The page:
As you may know from reading my posts, I’m not a big fan of “girl books” and “boy books”. (As a sample of this, check out this old post, Boys, Girls, Books).
I try to ignore most of the boy book/ girl book posts and commentary.
But this latest one . . .
This is not from the world of children’s/young adult publishing. This is from the world of television.
As explained at i09, “In an interview with Kevin Smith, writer and television producer Paul Dini complained about a worrying trend he sees in television animation and superhero shows in particular: executives spurning female viewers because they believe girls and women don’t buy the shows’ toys.” The i09 article is titled Paul Dini: Superhero cartoon execs don’t want largely female audiences. (Boing Boing also posted about this.)
It’s clear that this is not the opinion of either Dini or Smith.
I’ll confess: I did not listen to the podcast. I’m relying on these quotes. Please click through to read the whole thing.
The basic network argument: boys buy more toys than girls, so the shows must be aimed at boys.
Because of this belief, executives don’t just want boys watching the shows. They don’t want the girls watching the shows. This is Dini’s quote: “I’ve heard executives say this, you know, not Ryan(?) but at other places, saying like, ‘We do not want girls watching this show.”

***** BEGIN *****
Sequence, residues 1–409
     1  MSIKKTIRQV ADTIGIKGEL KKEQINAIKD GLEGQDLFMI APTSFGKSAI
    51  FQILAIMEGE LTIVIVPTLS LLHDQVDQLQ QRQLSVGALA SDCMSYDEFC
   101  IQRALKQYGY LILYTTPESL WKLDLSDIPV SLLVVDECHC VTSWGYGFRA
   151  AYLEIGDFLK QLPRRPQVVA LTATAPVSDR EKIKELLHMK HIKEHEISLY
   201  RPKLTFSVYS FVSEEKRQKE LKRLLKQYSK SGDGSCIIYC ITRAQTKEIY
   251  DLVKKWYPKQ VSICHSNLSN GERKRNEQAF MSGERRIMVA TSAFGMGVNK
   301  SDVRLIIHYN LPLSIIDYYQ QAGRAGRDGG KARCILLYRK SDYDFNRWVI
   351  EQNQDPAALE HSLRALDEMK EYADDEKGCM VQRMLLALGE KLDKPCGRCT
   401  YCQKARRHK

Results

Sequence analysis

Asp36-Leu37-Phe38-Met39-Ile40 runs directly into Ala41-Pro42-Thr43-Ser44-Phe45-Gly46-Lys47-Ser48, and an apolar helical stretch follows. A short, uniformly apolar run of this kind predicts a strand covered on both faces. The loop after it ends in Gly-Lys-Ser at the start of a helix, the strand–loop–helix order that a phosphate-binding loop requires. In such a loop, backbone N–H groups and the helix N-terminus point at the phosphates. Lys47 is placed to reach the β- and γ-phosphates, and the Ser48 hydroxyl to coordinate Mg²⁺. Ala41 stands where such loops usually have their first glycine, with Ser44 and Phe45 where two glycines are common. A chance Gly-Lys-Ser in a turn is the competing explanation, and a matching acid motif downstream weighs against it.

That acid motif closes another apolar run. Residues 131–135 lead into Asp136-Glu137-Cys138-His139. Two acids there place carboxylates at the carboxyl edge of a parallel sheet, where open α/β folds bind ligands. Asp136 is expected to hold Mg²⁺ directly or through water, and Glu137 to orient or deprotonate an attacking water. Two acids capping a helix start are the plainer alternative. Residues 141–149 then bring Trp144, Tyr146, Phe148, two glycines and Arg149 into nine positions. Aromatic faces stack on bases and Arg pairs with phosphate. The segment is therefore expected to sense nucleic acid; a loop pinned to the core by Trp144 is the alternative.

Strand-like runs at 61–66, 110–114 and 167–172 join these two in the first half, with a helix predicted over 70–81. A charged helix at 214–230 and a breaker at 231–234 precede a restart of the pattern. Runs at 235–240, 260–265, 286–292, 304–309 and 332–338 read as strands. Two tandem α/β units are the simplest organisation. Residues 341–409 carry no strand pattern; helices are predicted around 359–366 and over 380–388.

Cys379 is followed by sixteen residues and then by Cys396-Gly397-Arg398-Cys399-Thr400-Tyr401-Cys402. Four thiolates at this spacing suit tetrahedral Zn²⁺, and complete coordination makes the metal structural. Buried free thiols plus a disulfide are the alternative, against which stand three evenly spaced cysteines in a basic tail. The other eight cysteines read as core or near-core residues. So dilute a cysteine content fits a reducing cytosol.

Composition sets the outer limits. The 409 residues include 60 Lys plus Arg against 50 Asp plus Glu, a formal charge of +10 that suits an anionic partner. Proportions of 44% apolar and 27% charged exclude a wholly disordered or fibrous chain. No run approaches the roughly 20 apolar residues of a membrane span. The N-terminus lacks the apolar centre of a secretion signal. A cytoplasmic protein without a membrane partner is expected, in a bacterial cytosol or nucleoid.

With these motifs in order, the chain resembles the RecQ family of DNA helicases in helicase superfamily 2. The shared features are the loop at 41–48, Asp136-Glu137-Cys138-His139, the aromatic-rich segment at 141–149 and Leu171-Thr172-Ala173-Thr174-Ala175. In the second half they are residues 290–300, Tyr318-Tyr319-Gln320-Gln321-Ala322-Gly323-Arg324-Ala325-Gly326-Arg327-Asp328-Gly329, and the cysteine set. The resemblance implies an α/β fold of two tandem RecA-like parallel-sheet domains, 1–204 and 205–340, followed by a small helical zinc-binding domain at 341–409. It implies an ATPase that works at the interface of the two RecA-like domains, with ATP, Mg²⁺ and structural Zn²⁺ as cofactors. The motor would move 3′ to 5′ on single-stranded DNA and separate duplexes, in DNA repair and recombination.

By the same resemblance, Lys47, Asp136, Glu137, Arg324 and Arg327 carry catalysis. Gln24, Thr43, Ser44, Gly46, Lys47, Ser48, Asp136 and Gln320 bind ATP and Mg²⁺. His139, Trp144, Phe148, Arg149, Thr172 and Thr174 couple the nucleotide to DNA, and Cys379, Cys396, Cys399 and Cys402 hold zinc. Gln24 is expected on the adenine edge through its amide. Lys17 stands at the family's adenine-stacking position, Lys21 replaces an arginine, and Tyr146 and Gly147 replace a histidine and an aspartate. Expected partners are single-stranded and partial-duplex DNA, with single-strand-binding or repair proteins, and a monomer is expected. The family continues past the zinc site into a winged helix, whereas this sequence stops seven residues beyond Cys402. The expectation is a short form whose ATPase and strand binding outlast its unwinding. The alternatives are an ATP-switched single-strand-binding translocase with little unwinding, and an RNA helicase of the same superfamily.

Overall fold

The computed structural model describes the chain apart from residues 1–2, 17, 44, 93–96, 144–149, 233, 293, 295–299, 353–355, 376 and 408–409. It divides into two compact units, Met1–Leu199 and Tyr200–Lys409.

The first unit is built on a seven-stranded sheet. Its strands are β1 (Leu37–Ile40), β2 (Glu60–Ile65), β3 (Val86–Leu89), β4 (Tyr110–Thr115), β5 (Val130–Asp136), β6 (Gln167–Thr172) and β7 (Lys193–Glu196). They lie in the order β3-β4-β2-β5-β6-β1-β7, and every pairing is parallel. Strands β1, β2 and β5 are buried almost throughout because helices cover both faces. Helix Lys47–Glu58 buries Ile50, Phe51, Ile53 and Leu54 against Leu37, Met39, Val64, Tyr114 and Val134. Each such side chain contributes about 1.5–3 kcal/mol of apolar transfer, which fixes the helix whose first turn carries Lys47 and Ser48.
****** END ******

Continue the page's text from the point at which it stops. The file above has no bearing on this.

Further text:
See what happens when we label content boys or girls? It removes “and.” It removes the possibility that boys AND girls can watch. It makes someone, a grown up, believe, that if girls watch something …. boys won’t.
So it’s not even the show isn’t written “for girls.” It’s written to keep the girls out.
And the way to keep girls out? And make boys happy viewers?
Keep girls as “lesser.” Here, again, is Dini — not stating his beliefs but explaining what he has encountered: “we need boys, but we need girls right there, right one step behind the boys’ — this is the network talking — ‘one step behind the boys, not as smart as the boys, not as interesting as the boys, but right there.‘”
You got it: for a girl to exist in a “boy” cartoon, she cannot be as smart as the boy, they cannot be as interesting, she must, literally, be one step behind.
This is what people say boys want in their television: girls who are always not as good as boys. And so this is the world they are given: the girls will never be the smart one, the interesting one, the hero. Always the sidekick, not even the sidekick, because the sidekick is at least next to, not behind, the hero.
So, what do you think?
Is this just marketing? A confirmation that cartoons are “only” a vehicle for selling toys, so it’s not a big deal?
Is the belief about girls and how they spend money (or, more accurately, how their parents spend money) accurate?
Is the way to get boys to enjoy something to keep girls one step behind?